Over 600,000 Singaporeans have already volunteered to download the app, perhaps motivated by the sense of national solidarity pervasive in Singapore, or perhaps by the assumption that using a government-issued app will fast-track access to testing when it becomes necessary.
In any case, the app has its limitations. The iOS app has to run permanently in the foreground to be effective, and the Android version must be manually configured to run in the background. Users are unlikely to be so diligent that they remember to turn it on every time they are in a public place - well in advance of getting sick - limiting the use case to people already on high alert, such as those that came into contact with a person waiting for test results. Developers may improve TraceTogether now that Singapore plans to release the app’s source code.
Other efforts to convince users to voluntarily download a privacy-preserving app - such as Cambridge University’s ‘FluPhone’ app in 2011 and MIT’s new ‘PrivateKit’ app - haven’t driven enough user interest to make a meaningful impact.
Stamos sees a faster way to enrol users in a privacy-preserving system. Any time Google or Facebook offer features like ‘People You May Know’, he notes, they are effectively already performing a similar feature to contact tracing. And both of those platforms have in excess of 2.5 billion users.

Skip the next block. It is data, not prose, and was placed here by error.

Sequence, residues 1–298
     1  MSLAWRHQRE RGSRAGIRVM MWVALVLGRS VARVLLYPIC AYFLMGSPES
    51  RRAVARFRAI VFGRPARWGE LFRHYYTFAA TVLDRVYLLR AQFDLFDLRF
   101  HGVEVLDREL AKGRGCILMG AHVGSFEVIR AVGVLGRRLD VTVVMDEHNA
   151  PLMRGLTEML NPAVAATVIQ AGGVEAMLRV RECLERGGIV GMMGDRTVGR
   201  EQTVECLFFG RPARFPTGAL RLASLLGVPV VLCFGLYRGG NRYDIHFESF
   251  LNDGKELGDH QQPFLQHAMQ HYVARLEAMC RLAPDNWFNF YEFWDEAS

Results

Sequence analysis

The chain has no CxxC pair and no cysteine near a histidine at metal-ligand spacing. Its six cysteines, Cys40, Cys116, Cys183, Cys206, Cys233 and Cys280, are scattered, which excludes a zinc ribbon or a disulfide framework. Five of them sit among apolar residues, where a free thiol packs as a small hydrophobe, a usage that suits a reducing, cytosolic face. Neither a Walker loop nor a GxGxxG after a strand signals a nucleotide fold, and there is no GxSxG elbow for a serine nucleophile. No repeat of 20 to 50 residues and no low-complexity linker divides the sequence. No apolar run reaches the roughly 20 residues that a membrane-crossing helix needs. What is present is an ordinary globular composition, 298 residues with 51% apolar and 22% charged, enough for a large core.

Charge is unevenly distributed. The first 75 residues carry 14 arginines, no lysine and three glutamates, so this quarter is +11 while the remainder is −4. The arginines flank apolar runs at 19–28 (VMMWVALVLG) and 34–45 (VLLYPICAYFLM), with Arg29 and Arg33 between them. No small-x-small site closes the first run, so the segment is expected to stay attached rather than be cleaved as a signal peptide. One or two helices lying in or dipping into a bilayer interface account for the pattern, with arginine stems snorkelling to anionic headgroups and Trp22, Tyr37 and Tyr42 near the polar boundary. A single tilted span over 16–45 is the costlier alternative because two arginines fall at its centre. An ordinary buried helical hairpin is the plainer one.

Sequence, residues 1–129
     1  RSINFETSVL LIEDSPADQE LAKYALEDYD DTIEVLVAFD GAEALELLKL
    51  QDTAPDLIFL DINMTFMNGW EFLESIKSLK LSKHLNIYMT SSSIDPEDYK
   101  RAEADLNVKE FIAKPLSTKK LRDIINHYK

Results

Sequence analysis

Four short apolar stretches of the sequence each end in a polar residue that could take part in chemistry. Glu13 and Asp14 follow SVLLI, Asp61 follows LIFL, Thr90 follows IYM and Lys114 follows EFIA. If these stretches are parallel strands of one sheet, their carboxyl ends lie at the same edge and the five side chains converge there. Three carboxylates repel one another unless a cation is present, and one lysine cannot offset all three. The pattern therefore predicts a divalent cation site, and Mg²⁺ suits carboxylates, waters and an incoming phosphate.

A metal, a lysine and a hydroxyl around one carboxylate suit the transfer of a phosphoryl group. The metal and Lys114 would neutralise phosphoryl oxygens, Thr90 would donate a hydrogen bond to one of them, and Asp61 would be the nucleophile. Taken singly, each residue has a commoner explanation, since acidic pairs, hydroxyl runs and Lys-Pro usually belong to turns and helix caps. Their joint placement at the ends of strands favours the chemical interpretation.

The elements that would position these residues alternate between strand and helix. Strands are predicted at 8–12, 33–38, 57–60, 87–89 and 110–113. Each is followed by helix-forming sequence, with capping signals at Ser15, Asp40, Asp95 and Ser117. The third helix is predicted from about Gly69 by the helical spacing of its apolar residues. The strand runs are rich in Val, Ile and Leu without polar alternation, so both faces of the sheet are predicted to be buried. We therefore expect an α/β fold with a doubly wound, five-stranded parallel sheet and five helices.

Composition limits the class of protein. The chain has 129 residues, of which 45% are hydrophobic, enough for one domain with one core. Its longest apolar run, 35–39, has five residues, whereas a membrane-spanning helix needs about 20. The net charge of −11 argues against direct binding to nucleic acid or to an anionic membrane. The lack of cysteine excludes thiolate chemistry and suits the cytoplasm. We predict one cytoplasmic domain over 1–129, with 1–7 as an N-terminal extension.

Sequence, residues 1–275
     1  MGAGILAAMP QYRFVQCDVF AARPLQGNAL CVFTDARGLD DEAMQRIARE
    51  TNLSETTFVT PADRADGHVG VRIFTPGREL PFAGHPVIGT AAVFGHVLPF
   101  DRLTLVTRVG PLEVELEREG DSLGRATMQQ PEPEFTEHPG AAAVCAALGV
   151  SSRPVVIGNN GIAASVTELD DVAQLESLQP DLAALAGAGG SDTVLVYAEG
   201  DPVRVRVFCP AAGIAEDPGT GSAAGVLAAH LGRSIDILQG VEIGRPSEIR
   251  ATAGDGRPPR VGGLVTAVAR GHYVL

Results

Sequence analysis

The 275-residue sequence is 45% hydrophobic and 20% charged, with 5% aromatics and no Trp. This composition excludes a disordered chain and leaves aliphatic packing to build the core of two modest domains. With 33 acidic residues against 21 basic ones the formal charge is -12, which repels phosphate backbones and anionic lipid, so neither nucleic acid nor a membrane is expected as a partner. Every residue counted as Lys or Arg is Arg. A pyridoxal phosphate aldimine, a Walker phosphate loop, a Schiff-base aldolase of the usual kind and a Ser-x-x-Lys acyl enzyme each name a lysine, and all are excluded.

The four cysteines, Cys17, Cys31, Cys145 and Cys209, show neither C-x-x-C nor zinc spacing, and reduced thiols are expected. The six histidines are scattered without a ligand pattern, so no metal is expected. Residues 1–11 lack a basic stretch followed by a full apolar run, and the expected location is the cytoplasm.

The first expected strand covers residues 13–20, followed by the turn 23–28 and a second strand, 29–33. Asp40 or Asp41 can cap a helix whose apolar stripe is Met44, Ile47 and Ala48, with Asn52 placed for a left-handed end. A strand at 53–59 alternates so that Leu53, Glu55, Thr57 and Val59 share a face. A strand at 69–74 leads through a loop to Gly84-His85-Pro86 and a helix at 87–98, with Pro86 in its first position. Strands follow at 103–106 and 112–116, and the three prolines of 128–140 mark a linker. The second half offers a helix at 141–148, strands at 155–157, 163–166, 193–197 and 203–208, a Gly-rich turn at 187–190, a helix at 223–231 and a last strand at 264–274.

“Contact tracing is a technique already proven in the field by Google and Facebook,” Stamos said. “This is why sometimes when you go into a store, you end up getting related ads in your feed - because Bluetooth beacons placed in the store have recorded your interest for future advertising.”
He envisions a system under which any Facebook or Android user that tests positive to Coronavirus could - at the push of a button in an app they are familiar with - give permission for Facebook or Google to contact any other account holders that have been in the same Bluetooth Beacon or WiFi network (SSID) for more than 30 minutes.
Stamos recommends the tech giants get on the front foot and build this capability voluntarily for US users, lest they be compelled by governments to build a compromised solution.
“If I tested positive, I’d much prefer to hit a button and have Google and Facebook inform everyone that I’ve been in contact with, warning them to go get tested,” he said. “And that data doesn’t necessarily have to go to the government. It could be a relationship between me and counterparties, mediated by an app we use in common.”
As long as the app is opt-in, that consent is provided, and that the app brokers the tracing and notification (rather than the user or other human operator), it could be rolled out in the United States without the need for legislative change, he said.
“All the infrastructure is there to do it,” he said. “It would use the same [geofencing] mechanisms these companies use today, which we know to be legal.”
The same wouldn’t apply for Europe, where GDPR and other regulations would likely prove too prohibitive.
Even the most diehard privacy advocates say they would be willing to make a compromise in such an emergency.
But contact tracing apps will only help, Alperovich notes, if there is enough testing capacity available to help the population know if they are infected or have been in contact with somebody infected. That’s not available in the US today.
“It won’t do anything to trace people if we can’t actually test them,” he said. “But maybe when we get to the point of re-opening this country, and we want to make sure we don’t have new outbreaks, it’s something to consider.”